New investment law set to boost foreign firms

By Chu Daye Source:Global Times Published: 2015-1-20 23:53:01

Govt aims to ease regulations

An entrance to the Shanghai free trade zone Photo: CFP

The American Chamber of Commerce in China (AmCham China) said Tuesday it welcomes China's drafting of a new law for foreign investment, which is expected to help attract more foreign capital into China and speed up economic reforms.

The Ministry of Commerce said on Monday that it is soliciting public opinion on a draft of a new foreign investment law, which is aimed at easing restrictions on foreign investors and granting them easier access to the Chinese market.

The law will give "pre-establishment national treatment" to potential foreign investors and adopt the "negative list" approach that is used in the China (Shanghai) Pilot Free Trade Zone (FTZ), said ministry spokesman Sun Jiwen at a press conference on Monday.

Pre-establishment national treatment means that foreign companies will be entitled to the same treatment as domestic firms in their establishment and development.

China currently uses a negative list approach for foreign investment in the Shanghai FTZ, which was launched in September 2013. It allows foreign companies to invest without any restrictions in all areas except those that are on the list.

"We support a revision of the law that will ease the approval procedures for the establishment and operation of foreign-invested enterprises in China," James Zimmerman, chairman of AmCham China, wrote in a statement e-mailed to the Global Times on Tuesday.

The new law could also "provide for greater market access and the reduction of trade barriers that impact American companies," he said.

Zimmerman also said that AmCham member companies are currently reviewing the draft law.

The European Union Chamber of Commerce in China did not reply to a Global Times request for comment by press time on Tuesday.

"The new law means doing business in China will be more convenient [for foreign firms]. It will have a positive impact on attracting more foreign investment and injecting more vitality into the Chinese economy," Feng Qiaobin, a professor with the Chinese Academy of Governance, told the Global Times on Tuesday.

According to the draft law, the time it takes for foreign-backed firms to register a new company will be greatly reduced. According to the experience in the Shanghai FTZ, the process will be about 15 days faster than the current norm, news portal reported on Tuesday, citing people familiar with the matter.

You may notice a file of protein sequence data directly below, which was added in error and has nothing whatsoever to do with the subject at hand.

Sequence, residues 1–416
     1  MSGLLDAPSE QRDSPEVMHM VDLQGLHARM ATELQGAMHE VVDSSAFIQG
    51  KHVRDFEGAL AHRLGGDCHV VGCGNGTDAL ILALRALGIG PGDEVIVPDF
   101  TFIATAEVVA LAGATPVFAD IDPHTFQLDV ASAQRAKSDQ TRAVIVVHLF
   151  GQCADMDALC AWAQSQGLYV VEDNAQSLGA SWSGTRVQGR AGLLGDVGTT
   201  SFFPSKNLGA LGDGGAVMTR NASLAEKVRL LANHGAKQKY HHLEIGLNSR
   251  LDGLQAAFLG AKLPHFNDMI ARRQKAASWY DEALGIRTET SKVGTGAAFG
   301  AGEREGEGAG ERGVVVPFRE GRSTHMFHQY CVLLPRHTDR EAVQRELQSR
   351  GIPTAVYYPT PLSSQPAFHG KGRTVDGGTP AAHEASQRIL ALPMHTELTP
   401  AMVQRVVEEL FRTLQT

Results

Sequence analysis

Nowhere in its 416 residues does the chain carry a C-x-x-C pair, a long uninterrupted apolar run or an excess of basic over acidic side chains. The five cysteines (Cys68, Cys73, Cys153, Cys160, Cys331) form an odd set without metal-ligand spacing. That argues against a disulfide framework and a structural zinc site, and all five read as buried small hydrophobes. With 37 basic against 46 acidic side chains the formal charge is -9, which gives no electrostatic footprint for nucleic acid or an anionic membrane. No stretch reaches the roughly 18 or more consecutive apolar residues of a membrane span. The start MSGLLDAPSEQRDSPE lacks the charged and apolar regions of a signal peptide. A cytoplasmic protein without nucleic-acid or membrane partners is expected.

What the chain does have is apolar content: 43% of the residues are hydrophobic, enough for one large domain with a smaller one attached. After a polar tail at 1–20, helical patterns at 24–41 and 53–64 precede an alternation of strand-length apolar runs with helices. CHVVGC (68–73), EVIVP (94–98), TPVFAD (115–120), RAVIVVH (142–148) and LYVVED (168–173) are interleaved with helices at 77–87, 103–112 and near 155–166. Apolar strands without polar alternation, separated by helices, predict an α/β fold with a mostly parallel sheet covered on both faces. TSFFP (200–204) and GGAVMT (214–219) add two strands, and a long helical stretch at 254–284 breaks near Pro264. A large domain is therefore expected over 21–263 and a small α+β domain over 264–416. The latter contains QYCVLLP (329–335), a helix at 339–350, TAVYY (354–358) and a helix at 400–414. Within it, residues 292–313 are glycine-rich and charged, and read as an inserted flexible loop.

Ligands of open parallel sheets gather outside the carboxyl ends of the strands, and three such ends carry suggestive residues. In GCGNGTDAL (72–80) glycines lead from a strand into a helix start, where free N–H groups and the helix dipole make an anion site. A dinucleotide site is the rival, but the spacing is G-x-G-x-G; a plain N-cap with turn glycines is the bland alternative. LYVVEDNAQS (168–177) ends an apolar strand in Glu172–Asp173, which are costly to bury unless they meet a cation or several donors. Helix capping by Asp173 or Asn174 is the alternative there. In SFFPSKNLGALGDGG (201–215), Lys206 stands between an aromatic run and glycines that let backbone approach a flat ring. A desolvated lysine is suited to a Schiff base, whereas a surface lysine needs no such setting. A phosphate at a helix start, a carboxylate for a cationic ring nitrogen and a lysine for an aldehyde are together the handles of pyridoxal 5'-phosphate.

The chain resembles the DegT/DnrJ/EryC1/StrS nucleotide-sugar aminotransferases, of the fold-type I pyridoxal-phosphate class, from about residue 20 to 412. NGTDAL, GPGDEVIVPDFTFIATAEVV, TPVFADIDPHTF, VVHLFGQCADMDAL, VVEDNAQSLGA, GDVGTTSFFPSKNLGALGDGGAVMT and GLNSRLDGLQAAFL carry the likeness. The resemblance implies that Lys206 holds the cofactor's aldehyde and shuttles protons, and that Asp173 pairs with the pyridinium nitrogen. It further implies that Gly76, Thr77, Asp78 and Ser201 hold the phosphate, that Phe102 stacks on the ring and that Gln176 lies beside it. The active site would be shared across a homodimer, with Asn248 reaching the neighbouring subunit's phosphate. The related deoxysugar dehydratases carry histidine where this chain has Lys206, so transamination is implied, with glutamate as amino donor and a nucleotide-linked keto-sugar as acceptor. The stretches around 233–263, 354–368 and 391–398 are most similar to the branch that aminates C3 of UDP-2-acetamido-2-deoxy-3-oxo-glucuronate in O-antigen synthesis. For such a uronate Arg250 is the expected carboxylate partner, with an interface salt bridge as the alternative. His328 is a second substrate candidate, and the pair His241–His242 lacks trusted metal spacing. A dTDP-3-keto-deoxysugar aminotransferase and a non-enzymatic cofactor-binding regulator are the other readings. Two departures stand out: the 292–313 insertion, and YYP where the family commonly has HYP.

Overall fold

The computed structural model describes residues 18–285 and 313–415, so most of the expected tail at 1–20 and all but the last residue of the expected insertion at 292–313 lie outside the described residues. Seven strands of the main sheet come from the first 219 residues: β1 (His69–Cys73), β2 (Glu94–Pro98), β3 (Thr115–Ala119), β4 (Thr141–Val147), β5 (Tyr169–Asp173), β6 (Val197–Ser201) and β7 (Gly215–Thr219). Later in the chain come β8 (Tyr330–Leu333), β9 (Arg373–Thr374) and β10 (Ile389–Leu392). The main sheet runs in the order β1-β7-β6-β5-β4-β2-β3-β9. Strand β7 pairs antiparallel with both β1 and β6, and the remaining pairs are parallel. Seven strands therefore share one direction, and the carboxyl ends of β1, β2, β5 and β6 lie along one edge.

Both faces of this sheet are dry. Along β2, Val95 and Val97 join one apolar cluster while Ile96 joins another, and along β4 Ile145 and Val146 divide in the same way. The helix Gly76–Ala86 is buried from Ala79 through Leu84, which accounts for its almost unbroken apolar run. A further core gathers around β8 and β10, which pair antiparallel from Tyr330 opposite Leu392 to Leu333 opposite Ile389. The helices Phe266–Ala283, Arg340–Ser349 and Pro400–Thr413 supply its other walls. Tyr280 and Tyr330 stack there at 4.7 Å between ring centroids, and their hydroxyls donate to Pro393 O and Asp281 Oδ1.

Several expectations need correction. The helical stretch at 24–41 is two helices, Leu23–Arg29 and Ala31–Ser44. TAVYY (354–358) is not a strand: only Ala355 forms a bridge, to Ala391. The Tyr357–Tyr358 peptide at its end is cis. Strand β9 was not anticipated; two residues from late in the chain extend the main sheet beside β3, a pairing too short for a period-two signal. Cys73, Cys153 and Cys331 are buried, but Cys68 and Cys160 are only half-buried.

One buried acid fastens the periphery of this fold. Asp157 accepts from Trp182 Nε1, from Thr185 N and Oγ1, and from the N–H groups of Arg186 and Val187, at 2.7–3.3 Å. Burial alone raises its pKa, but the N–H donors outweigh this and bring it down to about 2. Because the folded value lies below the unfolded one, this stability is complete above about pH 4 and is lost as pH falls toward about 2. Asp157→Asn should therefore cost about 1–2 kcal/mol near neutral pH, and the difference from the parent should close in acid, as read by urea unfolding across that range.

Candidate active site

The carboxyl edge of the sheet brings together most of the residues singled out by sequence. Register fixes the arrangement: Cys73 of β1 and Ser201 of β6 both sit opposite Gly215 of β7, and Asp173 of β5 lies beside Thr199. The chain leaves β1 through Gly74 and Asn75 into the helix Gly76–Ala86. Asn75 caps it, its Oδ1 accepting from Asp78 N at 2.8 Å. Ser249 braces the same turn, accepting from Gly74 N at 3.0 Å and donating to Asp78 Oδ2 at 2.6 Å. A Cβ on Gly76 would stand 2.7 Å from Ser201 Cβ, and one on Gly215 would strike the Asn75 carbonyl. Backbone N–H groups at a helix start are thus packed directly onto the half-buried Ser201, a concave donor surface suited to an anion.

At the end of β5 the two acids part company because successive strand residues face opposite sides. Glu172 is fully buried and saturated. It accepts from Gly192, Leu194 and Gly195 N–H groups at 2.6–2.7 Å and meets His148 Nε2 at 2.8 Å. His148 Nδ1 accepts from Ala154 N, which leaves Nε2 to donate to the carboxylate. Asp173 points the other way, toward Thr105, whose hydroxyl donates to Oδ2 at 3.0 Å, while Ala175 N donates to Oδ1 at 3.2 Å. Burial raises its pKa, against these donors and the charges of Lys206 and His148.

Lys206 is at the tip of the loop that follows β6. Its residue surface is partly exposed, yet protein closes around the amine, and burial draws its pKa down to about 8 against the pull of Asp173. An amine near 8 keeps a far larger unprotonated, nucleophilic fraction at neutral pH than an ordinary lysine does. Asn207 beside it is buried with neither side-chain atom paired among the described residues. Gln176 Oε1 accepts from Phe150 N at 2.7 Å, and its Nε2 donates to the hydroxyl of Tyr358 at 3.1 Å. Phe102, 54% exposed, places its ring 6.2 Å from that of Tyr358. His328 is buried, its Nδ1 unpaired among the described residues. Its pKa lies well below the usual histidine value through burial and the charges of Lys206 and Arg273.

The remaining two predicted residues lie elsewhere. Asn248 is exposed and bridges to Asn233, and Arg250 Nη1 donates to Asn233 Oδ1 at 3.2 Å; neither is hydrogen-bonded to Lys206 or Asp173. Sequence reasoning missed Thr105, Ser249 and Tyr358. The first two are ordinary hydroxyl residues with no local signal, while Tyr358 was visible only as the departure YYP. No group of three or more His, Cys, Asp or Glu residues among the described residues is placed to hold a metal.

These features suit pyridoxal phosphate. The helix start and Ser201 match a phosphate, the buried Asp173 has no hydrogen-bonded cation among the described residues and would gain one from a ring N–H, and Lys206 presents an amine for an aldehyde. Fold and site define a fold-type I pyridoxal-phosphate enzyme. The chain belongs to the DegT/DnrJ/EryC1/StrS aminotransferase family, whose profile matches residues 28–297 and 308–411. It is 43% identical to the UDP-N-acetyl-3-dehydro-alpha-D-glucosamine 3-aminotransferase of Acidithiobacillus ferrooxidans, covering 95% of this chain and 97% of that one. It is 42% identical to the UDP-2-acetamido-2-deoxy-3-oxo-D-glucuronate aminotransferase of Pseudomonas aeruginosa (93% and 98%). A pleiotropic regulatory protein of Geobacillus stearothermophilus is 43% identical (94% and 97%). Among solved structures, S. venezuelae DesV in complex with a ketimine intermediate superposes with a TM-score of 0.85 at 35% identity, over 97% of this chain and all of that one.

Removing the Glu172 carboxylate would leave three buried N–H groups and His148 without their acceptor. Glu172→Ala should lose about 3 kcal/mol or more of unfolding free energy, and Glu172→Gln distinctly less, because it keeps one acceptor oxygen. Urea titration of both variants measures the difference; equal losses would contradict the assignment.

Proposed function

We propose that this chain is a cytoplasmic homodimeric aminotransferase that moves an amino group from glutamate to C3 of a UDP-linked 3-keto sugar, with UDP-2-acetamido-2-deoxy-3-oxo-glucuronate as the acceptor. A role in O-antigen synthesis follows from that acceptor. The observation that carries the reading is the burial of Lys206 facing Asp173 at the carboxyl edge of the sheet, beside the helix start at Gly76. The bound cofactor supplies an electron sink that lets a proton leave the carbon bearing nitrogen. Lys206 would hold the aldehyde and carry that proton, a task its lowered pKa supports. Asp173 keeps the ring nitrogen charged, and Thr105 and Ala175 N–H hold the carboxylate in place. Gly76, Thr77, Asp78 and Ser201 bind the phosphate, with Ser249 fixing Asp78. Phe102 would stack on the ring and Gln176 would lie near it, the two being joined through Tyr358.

These measures can also be seen as a further opening-up of China to global commerce, Feng noted.

In 2014, a total of 23,778 foreign-backed companies were set up in China, an increase of 4.4 percent year-on-year, according to data from the Ministry of Commerce.

"The new law will be a national one. And it means the successful experience in Shanghai will be duplicated and promoted across the country," said Bai Ming, a research fellow at the Chinese Academy of International Trade and Economic Cooperation.

In December last year, China expanded the FTZ in Shanghai and announced the approval of three new FTZs in South China's Guangdong Province, Tianjin Municipality in North China and Fujian Province in East China.

The new draft investment law also stipulates that foreign companies will have to report changes in their operation and investment plans on a regular basis to the relevant government agencies.

"Such a practice will help local governments to get a better understanding of the operation of foreign companies in China and make sure they comply with Chinese laws," said Bai.

"The new law would also require government agencies to change their role into that of a service-oriented official body, for instance by engaging with foreign companies more actively in order to get to know their investment preferences and methods," Feng noted.

The three current laws governing foreign companies' investment and operation in China will become obsolete once the new law is in place.


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